Awarded the Nobel Prize
Cech and Altman were awarded the Nobel Prize for Chemistry in 1989 for their independent work that demonstrated the catalytic properties of RNA, a groundbreaking discovery in the scientific community. Whereas the RNA molecule had been previously thought to act only in conjunction with a catalyst, now Cech had shown that it performed its function without an outside enzyme. Altman proved that the molecule carried out functions consistent with other enzymes.
Since the research of the 1980s, Cech has received numerous awards and honors and has become a sought-after lecturer at institutions around the country. He earned the Passano Foundation Young Scientific Award and the Harrison Howe Award in 1984. Besides the highest honor of receiving the Nobel Prize, he was also awarded an honorary doctorate degree from his alma mater Grinnell College in 1987. Within the next year he was elected to both the United States Academy of Sciences and the American Academy of Arts and Sciences.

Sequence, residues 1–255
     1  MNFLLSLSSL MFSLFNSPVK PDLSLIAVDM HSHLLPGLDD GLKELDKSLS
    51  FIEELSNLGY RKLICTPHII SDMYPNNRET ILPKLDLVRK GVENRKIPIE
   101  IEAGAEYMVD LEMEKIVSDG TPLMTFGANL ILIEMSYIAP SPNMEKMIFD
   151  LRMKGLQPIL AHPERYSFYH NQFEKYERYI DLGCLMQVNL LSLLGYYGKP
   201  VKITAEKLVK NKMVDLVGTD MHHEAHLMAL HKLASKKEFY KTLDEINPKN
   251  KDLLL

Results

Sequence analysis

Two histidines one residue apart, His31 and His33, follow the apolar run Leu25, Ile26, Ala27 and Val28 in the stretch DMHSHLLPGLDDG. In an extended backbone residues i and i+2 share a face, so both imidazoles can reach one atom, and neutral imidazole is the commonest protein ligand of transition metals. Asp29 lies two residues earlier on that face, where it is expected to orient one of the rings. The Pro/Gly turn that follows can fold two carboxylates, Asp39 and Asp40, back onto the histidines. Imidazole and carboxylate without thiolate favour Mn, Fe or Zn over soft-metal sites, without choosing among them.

Four years after Cech's discovery he had it patented. When two Australian scientists who had been working on similar technology sold their findings to a French pharmaceutical company, Cech decided to take them to court for patent violation and was awarded an inclusive patent in 1991. Although some feared that this would hinder the development of research in this area, it was unnecessary as Cech later sold his rights to the United States Biochemical Corporation.
Cech's work has been recognized by many national and international awards and prizes. He was promoted to full professor of chemistry at the University of Colorado in 1983. He was also elected president of the Howard Hughes Medical Institute in 2000. He continues to research both the RNA molecule as well as other areas of biochemistry. As for his personal life, Cech and his wife welcomed two daughters into their family, Allison, born in 1982, and Jennifer, born in 1986. Despite the busy schedule of a professor and researcher, Cech and his family enjoy backpacking, ski trips, and entertaining.